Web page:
by Christine Hansen
Throughout her life and career, Jamie McDonald, current CEO of GiveCorps, has always placed a high priority on civic engagement. After coming to Baltimore in 1986 to work for Alex Brown (now Deutsche Bank), McDonald became involved in a number of local non-profits.
“When I got involved in the non-profits, it really started the purpose-driven part of my life,” she said.
In 2003, she “caught the entrepreneurial bug” and left Alex Brown to start her own company. A self-proclaimed sports nut, McDonald started a specialty gym for athletes, hiring strength and conditioning coaches from across the country. She grew the company for five years before selling it in 2008. Once the company was sold, she focused all of her attention on her non-profit work, teaming up with Beth Falcone to create GiveCorps.
“We were both business women who spent a lot of time working in the non-profit world. Our non-profit life was primarily volunteer-oriented, but both of us had the opportunity to participate in the development side of what non-profits were doing,” McDonald said.
It was on the development side where they discovered a new business opportunity. Every non-profit in the Baltimore area was targeting the same large corporations, foundations and wealthy individuals to obtain their fundraising goals.
“It struck us that there was a very unsustainable development economy in Baltimore. There were too few organizations that were the targets for every non-profit in town. With all of the need that exists in Baltimore, it is clear that not everything can be sustained by this very limited pool of givers,” she said.
And during this discovery, the environment to start a business that could serve the needs of the Baltimore non-profit world was perfect, McDonald said. Baltimore’s energy was shifting – there was a rise in younger people, and the innovation economy was beginning to boom, bringing in more start-up companies. And thanks to the Obama campaign during the 2008 Presidential election, a new targeted model was proven to reach the next generation of givers, known as the Millennial generation.
“It’s the largest demographic – larger than the Baby Boomers. When the Millennials are told a good story, they give. And even though they can only give in small amounts – small on a relative basis – the collective impact of their generosity can really move the needle for an organization or cause very quickly,” she said.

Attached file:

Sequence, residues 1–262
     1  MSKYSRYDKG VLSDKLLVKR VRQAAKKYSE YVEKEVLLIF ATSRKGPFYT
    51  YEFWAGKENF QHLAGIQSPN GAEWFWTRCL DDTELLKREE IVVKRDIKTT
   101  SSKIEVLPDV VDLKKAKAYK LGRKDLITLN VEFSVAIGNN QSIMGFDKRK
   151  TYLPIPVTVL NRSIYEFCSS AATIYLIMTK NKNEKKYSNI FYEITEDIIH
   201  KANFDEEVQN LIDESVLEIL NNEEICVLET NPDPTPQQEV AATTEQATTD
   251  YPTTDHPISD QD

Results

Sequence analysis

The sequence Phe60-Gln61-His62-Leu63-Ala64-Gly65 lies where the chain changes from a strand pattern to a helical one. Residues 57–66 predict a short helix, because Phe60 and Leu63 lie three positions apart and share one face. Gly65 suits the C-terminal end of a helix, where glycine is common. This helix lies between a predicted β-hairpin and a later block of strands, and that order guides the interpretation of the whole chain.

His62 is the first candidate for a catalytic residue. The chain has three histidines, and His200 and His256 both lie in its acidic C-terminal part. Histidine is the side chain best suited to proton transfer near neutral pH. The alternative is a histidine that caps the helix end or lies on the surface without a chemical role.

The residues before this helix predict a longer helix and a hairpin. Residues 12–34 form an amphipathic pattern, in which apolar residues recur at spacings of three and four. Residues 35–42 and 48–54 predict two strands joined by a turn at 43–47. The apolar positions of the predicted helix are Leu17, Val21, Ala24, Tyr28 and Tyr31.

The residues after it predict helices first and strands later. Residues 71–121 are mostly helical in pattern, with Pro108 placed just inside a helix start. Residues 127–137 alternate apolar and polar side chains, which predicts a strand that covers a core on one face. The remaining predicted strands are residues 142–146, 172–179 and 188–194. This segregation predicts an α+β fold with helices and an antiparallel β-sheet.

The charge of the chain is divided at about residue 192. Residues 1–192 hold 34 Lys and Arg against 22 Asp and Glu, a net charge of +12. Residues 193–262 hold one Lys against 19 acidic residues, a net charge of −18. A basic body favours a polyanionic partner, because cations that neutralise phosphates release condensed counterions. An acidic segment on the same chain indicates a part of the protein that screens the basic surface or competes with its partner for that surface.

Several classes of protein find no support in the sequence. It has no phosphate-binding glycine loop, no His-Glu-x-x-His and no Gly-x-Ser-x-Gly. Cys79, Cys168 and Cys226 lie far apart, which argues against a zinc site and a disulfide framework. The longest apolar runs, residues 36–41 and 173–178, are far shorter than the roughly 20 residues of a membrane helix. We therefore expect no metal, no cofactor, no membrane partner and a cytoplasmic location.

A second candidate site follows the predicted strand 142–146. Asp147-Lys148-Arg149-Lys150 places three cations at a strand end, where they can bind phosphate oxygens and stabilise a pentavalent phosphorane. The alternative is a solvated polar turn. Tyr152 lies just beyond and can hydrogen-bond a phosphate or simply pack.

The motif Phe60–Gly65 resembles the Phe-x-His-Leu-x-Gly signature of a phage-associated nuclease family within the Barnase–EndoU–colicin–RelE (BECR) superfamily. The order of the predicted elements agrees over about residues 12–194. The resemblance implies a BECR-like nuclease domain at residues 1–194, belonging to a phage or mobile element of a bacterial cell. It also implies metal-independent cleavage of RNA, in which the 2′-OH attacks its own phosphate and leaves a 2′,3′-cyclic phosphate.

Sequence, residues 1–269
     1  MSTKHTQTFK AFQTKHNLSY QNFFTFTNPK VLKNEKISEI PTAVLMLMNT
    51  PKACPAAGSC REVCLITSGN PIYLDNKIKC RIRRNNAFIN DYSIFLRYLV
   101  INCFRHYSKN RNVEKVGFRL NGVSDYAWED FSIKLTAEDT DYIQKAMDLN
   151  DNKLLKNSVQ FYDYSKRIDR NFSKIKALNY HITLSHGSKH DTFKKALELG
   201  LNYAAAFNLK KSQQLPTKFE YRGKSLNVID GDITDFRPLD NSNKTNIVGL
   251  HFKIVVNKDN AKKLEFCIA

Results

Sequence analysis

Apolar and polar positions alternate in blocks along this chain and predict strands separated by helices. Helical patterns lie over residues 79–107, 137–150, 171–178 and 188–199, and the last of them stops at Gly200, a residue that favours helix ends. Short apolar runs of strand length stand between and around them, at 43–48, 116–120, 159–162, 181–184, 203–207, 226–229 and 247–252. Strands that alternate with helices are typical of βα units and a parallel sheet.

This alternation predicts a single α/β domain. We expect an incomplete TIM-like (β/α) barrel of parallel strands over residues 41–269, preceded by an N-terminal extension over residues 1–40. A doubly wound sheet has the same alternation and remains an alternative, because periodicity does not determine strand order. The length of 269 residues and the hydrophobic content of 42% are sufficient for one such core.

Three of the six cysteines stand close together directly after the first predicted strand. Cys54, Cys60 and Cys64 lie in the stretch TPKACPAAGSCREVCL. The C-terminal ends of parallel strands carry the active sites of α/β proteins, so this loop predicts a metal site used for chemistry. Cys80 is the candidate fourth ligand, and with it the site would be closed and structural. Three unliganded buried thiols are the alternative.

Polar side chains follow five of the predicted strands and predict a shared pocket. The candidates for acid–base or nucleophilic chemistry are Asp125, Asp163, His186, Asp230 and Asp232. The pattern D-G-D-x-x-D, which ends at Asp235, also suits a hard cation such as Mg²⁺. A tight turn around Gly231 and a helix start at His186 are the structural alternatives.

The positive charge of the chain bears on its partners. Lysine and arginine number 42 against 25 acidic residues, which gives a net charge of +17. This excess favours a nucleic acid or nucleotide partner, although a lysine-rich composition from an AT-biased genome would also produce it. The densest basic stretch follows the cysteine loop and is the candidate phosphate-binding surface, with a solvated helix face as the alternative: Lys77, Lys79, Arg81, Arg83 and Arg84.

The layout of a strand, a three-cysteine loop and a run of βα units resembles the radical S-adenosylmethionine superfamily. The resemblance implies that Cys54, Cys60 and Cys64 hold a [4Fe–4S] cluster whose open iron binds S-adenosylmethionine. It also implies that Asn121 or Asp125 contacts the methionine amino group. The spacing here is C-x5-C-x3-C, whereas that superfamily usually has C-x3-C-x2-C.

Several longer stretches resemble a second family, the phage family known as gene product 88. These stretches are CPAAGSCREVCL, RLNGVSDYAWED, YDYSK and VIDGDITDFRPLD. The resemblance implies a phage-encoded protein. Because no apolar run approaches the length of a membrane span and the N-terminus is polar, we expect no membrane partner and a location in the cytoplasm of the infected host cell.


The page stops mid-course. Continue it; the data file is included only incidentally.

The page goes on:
GiveCorps was born. McDonald and Falcone based their business plan on the Groupon type model, but with a twist: the focus is a charitable project, or a “give”, instead of a daily deal. A community of subscribers receives daily emails on different local projects that need funding. If a subscriber chooses to donate to that project or one of the other projects featured, they are then eligible for “rewards”, or discounts from participating merchants. GiveCorps matches every dollar that is donated. And unlike other funding platform sites, like Kickstarter and Crowdrise, GiveCorps only focuses on local projects.
“We decided we wanted to be more about giving local and getting local,” McDonald said. “Our notion is just like a daily deal.”
Although the company is still very young (the landing page has been active for a month, and the website went live two weeks ago), McDonald says they have already seen their subscriber numbers triple. Based on the success of the Baltimore model, McDonald hopes to take GiveCorps to other cities, particularly cities with high college populations, across the country. Her next goal is Philadelphia, her hometown.
“It will be at least two months from now before we can really assess the information and understand what is and isn’t working, but we are definitely already starting to see some basic patterns emerging and we will know a lot more over time,” she said.
Currently, 25 non-profit organizations in Baltimore have signed up to feature projects on GiveCorps, and 17 area merchants have agreed to offer rewards to givers, and the lists are growing. Together with Falcone and their 3 employees, McDonald’s mission with GiveCorps is to help people “find their passion to give.”
“We really want to show that everyone can become a philanthropist and make an impact locally.”
BELOW: True to Millennial generation form, Baltimore residents Victoria and Paige, both 12, learned about Wide Angle Youth, one of GiveCorps featured projects and wanted to help the cause. Together, they set up a lemonade stand to help raise money and documented their efforts.